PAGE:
On My Bookshelf: Divergent by Veronica Roth

March 09, 2020

In Divergent by Veronica Roth, Beatrice doesn't quite fit in with any of the factions of her society, but when she switches factions from Abnegation to Dauntless, she begins to discover that not everything is what it seems. Making it through her training to become Dauntless is just the first of many challenges she will face. Read on for more of my review and ideas for classroom use.
The basic plot from Amazon: One choice can transform you. Beatrice Prior's society is divided into five factions—Candor (the honest), Abnegation (the selfless), Dauntless (the brave), Amity (the peaceful), and Erudite (the intelligent). Beatrice must choose between staying with her Abnegation family and transferring factions. Her choice will shock her community and herself. But the newly christened Tris also has a secret, one she's determined to keep hidden, because in this world, what makes you different makes you dangerous.

In Divergent by Veronica Roth, Beatrice doesn't quite fit in with any of the factions of her society, but when she switches factions from Abnegation to Dauntless, she begins to discover that not everything is what it seems. Making it through her training to become Dauntless is just the first of many challenges she will face. Read on for more of my review and ideas for classroom use.
Why I liked it: I recently picked up a copy of Divergent  for my classroom library and was completely drawn into the dystopian society composed up of five factions: Candor (the honest), Abnegation (the selfless), Dauntless (the brave), Amity (the peaceful), and Erudite (the intelligent). Beatrice doesn't quite fit in with any of the factions, but when she switches factions from Abnegation to Dauntless, she begins to discover that not everything is what it seems. Making it through her training to become Dauntless is just the first of many challenges she will face.


Classroom application: I would recommend this book for seventh grade and up. There is some harsh violence, but it is PG romance-wise and no concerning language. Fans of books like The Giver and the Hunger Games, Matched, and Initiation series will love this one.

During reading, students could participate in a choosing ceremony (minus the ritual of cutting one’s hand with a knife) and write about why they chose the faction that they did. Before this ceremony, you could create an “aptitude test” for students to take to help determine their faction. I’m thinking of something similar to those quizzes in Seventeen and Cosmo that determine what kind of friend or employee you are. As the plot progresses, you could have students design the tattoo(s) they would get after joining Dauntless and write about what these tattoos represent and why students would want to get them.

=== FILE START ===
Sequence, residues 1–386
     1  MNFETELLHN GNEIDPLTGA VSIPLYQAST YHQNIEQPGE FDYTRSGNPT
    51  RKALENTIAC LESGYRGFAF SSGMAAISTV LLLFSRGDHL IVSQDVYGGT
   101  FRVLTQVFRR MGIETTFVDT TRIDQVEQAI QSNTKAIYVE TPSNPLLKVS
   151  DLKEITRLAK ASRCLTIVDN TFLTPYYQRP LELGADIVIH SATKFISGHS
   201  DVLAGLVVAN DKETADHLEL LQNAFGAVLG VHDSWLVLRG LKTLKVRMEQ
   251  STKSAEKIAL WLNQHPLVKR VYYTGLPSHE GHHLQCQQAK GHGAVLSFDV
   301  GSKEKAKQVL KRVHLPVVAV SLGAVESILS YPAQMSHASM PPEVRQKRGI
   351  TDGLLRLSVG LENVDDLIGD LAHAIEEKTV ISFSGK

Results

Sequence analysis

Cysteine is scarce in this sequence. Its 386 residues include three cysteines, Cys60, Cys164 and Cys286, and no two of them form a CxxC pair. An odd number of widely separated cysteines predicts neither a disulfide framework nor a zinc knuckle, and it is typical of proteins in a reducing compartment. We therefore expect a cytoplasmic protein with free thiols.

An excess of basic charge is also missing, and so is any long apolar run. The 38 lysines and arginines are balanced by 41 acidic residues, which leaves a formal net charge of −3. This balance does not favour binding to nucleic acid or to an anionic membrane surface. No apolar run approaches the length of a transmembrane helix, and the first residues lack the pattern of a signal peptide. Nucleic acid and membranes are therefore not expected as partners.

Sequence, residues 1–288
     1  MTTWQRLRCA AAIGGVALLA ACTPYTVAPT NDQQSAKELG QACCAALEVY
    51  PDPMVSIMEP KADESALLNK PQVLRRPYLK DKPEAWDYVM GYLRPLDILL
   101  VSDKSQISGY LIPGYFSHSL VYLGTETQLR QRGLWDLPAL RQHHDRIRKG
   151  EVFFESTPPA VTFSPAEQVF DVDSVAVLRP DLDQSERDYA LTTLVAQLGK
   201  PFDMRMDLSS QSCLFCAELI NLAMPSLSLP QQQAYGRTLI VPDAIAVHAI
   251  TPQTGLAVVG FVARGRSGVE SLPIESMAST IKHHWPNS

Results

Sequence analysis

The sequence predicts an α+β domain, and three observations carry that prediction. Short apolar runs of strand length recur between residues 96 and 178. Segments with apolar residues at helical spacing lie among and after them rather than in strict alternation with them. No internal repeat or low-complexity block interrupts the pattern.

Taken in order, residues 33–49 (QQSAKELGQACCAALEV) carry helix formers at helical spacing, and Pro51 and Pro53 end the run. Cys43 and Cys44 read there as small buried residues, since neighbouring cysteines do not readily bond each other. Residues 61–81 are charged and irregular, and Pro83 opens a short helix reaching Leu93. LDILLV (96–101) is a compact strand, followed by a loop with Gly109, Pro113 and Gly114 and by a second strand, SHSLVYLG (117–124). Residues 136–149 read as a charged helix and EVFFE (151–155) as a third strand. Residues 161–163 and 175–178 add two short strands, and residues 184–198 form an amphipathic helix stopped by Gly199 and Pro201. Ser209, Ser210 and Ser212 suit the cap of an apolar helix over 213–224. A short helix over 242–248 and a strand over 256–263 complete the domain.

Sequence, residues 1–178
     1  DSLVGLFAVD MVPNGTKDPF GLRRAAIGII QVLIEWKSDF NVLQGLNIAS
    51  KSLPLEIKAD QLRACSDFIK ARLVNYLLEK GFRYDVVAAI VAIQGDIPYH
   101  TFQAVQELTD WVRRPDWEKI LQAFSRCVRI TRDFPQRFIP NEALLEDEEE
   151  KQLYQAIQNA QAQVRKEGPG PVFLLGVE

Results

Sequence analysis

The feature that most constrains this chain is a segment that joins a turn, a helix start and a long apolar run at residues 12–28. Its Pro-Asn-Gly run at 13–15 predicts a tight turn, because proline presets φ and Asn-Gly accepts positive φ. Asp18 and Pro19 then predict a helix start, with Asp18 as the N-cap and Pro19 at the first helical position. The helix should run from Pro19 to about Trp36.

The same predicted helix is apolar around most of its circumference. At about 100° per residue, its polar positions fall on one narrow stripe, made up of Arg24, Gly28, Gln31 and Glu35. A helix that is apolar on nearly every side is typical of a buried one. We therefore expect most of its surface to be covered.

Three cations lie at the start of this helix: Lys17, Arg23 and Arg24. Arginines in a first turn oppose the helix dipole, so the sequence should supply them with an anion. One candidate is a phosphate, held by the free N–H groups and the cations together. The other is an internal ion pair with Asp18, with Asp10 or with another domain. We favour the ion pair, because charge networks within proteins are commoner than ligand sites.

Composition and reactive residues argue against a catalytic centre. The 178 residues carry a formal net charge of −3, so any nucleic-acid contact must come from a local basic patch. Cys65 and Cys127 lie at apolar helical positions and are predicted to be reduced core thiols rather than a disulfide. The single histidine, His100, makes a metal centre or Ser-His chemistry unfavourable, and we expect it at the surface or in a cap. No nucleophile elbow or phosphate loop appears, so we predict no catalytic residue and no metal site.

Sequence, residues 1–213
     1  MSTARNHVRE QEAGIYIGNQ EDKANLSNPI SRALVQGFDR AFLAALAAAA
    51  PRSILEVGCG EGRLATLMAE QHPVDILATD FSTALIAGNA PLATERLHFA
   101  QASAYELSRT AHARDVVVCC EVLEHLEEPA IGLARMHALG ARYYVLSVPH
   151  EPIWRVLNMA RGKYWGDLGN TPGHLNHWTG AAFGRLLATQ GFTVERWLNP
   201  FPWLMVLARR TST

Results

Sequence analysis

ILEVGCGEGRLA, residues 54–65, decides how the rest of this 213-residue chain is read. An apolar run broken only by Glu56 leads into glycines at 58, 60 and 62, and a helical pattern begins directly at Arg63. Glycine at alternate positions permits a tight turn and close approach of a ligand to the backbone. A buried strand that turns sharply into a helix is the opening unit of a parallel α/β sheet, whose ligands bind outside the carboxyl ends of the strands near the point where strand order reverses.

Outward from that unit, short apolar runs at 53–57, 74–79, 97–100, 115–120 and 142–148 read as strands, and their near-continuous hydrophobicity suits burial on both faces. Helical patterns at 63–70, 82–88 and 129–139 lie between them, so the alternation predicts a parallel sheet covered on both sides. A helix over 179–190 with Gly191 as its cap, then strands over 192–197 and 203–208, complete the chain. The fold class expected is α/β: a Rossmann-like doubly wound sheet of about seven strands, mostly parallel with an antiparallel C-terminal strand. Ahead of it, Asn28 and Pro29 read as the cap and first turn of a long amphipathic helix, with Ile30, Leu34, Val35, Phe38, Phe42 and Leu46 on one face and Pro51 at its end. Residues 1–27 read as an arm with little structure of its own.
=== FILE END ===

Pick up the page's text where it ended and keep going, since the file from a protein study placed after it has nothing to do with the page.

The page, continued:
After reading, students could discuss what it means to be “divergent” and identify examples from the past and in modern society. Beatrice is a strong female protagonist, able to face her fears and calm herself in difficult situations so well that Four admires her. Students could engage in social emotional learning activities to help them develop similar traits and coping skills.

If you are interested in purchasing a copy of Divergent for yourself, you can find it on Amazon here.

Note: The Literary Maven is a participant in the Amazon Services LLC Associates Program, an affiliate advertising program designed to provide a means for sites to earn advertising fees by advertising and linking to amazon.com.

In Divergent by Veronica Roth, Beatrice doesn't quite fit in with any of the factions of her society, but when she switches factions from Abnegation to Dauntless, she begins to discover that not everything is what it seems. Making it through her training to become Dauntless is just the first of many challenges she will face. Read on for more of my review and ideas for classroom use.

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